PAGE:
Campus Units

Kinesiology

Document Type

Article

Publication Version

Accepted Manuscript

Publication Date

7-2018

Journal or Book Title

Gait & Posture

Volume

64

First Page

213

Last Page

219

DOI

10.1016/j.gaitpost.2018.06.113

Abstract

Background

Individuals often carry items in one hand instead of both hands during activities of daily living. Research Question The purpose of this study was to investigate low back and lower extremity frontal plane moments for loaded limb stance and unloaded limb stance when carrying symmetric and asymmetric loads during stair negotiation.

Methods

Participants were instructed to ascend and descend a three-step staircase at preferred pace using a right leg lead and a left leg lead for each load condition: no load, 20% body weight (BW) bilateral load, and 20% BW unilateral load. L5/S1 contralateral bending, hip abduction, external knee varus, and ankle inversion moments were calculated using inverse dynamics.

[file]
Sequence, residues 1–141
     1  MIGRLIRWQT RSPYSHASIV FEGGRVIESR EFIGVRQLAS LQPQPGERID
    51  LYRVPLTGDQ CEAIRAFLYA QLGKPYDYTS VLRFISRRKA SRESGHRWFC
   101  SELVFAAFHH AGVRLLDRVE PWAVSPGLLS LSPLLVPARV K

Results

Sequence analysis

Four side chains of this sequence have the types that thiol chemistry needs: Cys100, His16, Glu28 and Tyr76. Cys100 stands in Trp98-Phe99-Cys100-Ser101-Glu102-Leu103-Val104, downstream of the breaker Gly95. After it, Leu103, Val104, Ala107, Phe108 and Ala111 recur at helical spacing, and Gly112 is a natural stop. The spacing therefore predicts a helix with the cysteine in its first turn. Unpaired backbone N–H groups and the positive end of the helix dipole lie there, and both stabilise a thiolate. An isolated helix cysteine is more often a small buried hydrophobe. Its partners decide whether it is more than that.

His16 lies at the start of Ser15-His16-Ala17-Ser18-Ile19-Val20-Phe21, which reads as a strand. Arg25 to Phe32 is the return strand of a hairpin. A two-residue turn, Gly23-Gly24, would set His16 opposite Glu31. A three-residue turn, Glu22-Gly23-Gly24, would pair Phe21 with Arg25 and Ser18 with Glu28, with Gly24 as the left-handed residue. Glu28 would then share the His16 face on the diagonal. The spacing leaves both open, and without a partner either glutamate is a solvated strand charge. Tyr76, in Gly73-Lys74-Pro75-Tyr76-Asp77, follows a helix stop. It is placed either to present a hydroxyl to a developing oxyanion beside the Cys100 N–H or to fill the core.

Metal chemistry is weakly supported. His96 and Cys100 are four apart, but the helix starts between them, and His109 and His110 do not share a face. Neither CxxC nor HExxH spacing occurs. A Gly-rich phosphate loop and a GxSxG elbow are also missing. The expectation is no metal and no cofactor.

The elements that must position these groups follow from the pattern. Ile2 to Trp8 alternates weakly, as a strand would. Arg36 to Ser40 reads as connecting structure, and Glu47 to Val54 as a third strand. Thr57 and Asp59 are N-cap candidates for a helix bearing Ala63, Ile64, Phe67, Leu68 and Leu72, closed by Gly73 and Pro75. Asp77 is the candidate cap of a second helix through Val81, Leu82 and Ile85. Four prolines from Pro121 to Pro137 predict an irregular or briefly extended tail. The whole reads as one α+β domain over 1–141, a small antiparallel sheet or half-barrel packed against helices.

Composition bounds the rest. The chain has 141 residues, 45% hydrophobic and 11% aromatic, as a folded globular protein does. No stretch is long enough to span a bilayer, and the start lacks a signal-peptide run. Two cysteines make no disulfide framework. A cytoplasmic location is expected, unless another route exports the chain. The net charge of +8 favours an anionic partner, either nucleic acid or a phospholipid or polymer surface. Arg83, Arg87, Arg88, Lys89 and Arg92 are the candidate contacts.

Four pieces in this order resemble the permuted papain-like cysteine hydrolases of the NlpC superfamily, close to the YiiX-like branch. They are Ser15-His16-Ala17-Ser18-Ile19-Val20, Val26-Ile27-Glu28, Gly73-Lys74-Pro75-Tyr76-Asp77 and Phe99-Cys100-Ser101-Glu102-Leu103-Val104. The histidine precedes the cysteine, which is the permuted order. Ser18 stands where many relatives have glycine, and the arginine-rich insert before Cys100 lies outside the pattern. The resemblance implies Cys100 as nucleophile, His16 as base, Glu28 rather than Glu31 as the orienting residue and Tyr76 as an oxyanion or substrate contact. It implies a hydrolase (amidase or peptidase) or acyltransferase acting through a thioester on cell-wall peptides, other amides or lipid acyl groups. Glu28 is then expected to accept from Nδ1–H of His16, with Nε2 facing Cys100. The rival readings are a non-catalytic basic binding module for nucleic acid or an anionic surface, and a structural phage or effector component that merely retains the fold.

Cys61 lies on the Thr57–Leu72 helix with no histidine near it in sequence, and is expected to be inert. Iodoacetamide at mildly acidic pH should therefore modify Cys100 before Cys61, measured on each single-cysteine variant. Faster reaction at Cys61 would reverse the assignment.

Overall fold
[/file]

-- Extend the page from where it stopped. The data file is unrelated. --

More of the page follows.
Results

Peak L5/S1 contralateral bending moments were significantly higher when carrying a 20% BW unilateral load as compared to a 20% BW bilateral load for both stair ascent and stair descent. In addition, peak L5/S1 contralateral bending moments were significantly higher during step one than for step two. Peak external knee varus and hip abduction moments were significantly higher in unloaded limb stance as compared to loaded limb stance when carrying a 20% BW unilateral load.

Significance

General load carriage recommendations include carrying less than 20% BW loads and splitting loads bilaterally when feasible. Assessment recommendations include analyzing the first stair step and analyzing both the loaded and unloaded limbs.

Comments

This is a manuscript of an article published as Wang, Junsig, and Jason C. Gillette. "Carrying asymmetric loads during stair negotiation: Loaded limb stance vs. unloaded limb stance." Gait & Posture 64 (2018): 213-219. doi: 10.1016/j.gaitpost.2018.06.113. Posted with permission.

Creative Commons License

Creative Commons Attribution-Noncommercial-No Derivative Works 4.0 License
This work is licensed under a Creative Commons Attribution-Noncommercial-No Derivative Works 4.0 License.

Copyright Owner

Elsevier B.V.

Language

en

File Format

application/pdf

Available for download on Monday, July 01, 2019

Published Version

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